CHEYENNE, Wyo. -- Grand Teton National Park is seeking volunteers to shoot nonnative mountain goats this fall after calling off a helicopter goat shoot amid criticism from Wyoming’s governor last winter.
The new effort to eradicate the goats, deemed a threat to native bighorn sheep by biologists, has Gov. Mark Gordon's support.
“I am delighted that Grand Teton National Park officials have chosen to take a different, more sensible approach to addressing this important wildlife management issue,” Gordon said in a statement after the park announced the new culling effort Thursday.
Gordon in February called the contracted helicopter shooting a “farce” in a letter to acting Grand Teton Superintendent Gopaul Noojibail. Interior Secretary David Bernhardt called off the shooting hours later, after 36 of the roughly 100 goats were killed.
State officials complained that the helicopter cull allowed goat meat to go to waste and happened over objections by a state commission.
The latest effort set for Sept. 14-Nov. 13 will involve shooters on the ground. It will still be a cull, not a hunt, and participants won't allowed to keep goats for meat or as trophies. Instead, the meat may be donated to food banks, park officials said in a release.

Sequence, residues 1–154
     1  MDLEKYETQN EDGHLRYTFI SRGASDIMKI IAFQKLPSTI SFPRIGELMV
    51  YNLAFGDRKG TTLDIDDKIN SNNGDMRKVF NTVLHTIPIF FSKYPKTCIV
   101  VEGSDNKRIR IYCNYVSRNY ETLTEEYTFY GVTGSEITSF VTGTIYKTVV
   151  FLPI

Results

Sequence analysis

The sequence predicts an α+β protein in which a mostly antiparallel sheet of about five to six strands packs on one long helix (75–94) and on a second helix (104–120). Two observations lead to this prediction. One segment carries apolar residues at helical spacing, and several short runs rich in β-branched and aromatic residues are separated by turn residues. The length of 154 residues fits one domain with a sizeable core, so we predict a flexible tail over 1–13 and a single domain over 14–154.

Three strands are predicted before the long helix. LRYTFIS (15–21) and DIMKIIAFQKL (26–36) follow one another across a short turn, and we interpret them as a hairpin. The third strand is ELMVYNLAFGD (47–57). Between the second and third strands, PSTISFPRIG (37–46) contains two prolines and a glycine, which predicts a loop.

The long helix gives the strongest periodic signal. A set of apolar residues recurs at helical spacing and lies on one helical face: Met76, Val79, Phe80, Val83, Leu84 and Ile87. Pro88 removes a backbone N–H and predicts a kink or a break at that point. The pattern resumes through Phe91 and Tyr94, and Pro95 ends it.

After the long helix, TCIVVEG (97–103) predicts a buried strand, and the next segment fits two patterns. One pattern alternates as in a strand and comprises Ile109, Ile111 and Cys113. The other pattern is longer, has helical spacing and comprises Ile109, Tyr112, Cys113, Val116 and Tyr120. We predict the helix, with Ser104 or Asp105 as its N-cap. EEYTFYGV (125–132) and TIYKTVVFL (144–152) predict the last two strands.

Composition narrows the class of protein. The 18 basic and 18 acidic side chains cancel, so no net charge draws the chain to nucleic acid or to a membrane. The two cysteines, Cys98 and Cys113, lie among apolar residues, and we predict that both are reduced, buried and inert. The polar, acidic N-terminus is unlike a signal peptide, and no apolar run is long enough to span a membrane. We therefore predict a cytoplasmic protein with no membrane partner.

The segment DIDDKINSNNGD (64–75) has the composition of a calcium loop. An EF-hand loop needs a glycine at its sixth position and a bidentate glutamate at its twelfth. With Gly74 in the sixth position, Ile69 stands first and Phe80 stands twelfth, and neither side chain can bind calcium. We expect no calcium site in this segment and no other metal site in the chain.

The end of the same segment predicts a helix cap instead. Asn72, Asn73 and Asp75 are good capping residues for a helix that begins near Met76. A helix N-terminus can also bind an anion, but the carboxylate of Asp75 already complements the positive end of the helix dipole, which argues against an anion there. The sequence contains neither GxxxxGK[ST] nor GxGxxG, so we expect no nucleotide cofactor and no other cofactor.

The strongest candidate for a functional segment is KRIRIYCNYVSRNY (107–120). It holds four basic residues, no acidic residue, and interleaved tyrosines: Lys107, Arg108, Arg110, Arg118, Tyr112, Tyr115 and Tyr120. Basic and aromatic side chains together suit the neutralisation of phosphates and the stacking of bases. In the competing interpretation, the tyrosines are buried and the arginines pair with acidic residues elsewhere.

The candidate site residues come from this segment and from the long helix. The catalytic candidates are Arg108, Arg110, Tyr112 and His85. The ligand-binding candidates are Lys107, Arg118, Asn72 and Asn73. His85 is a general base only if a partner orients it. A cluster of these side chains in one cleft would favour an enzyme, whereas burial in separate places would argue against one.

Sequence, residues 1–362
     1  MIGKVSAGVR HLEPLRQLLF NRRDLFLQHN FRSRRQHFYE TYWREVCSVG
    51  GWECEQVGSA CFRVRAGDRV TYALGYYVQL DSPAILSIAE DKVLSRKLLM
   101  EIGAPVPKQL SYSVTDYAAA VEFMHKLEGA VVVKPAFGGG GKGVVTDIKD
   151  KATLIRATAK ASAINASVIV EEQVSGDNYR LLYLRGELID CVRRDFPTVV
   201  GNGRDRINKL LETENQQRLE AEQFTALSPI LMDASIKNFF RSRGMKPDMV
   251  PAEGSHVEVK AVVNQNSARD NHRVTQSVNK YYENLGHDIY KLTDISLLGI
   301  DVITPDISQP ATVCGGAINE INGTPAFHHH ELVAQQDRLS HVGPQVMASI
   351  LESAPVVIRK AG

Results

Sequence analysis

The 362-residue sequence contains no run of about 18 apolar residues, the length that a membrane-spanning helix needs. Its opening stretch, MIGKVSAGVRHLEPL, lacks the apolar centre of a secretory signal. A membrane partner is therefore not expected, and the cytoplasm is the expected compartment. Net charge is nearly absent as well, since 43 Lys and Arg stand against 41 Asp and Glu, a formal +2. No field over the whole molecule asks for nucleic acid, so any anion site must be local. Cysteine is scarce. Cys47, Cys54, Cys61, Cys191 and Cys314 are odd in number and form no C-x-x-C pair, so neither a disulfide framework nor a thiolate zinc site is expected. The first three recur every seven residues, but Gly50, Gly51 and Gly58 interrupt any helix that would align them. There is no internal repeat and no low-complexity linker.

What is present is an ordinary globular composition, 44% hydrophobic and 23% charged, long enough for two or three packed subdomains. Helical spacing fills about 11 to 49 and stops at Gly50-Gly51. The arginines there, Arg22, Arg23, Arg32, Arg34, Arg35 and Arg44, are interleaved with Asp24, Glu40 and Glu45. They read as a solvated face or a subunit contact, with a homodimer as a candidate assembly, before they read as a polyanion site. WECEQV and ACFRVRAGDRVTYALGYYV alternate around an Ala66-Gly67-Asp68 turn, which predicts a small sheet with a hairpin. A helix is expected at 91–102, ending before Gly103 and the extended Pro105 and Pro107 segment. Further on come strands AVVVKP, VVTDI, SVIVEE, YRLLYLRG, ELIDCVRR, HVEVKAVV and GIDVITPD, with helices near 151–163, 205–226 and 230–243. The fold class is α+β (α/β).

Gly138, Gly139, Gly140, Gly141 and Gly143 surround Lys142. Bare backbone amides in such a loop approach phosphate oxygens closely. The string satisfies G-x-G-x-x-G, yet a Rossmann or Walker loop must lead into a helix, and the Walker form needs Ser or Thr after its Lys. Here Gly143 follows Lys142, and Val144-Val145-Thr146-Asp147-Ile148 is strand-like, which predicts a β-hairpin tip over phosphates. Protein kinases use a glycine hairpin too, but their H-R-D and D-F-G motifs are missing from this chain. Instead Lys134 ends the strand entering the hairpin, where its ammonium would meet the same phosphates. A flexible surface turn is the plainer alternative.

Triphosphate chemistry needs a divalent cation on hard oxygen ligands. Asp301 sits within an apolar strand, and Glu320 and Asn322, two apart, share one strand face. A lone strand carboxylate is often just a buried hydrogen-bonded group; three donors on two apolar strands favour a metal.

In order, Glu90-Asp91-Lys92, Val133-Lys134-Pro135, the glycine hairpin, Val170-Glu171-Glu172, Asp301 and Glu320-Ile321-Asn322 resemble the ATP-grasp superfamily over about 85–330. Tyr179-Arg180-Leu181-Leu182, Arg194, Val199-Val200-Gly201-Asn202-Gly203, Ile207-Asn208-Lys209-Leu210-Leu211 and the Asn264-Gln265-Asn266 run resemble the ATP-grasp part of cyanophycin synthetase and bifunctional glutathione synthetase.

Grand Teton, along with Yellowstone National Park just north, is among the busier U.S. national parks but the Teton Range inhabited by the goats and sheep has few roads and is mostly accessible only by hiking and climbing.
The goats need killing soon, park officials said, before they are too numerous to eradicate. Threats to the Tetons’ 100 or so bighorn sheep include potentially catching pneumonia from the goats.
While the latest plan makes no mention of shooting goats by helicopter, Grand Teton spokeswoman Denise Germann didn’t rule it out in the future.
“We are focused on the qualified volunteer program,” Germann said by email.
Those interested in shooting goats must apply as teams of two to six people. Grand Teton will stop taking applications after getting 240 and will choose participants randomly.
The Tetons are grizzly bear country and the shooters will be trained to use bear spray. They must pass a firearm proficiency test and should be able to hike up to 20 miles (32 kilometers) of mountainous terrain a day, park officials said.
Most national parks don't allow hunting but the 1950 law establishing Grand Teton provides for hunters to take part in an “elk reduction program" each fall.
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This story was first published on Aug. 6, 2020. It was updated on Aug. 7, 2020, to correct the name of the acting Grand Teton superintendent. He’s Gopaul Noojibail, not Noojidail.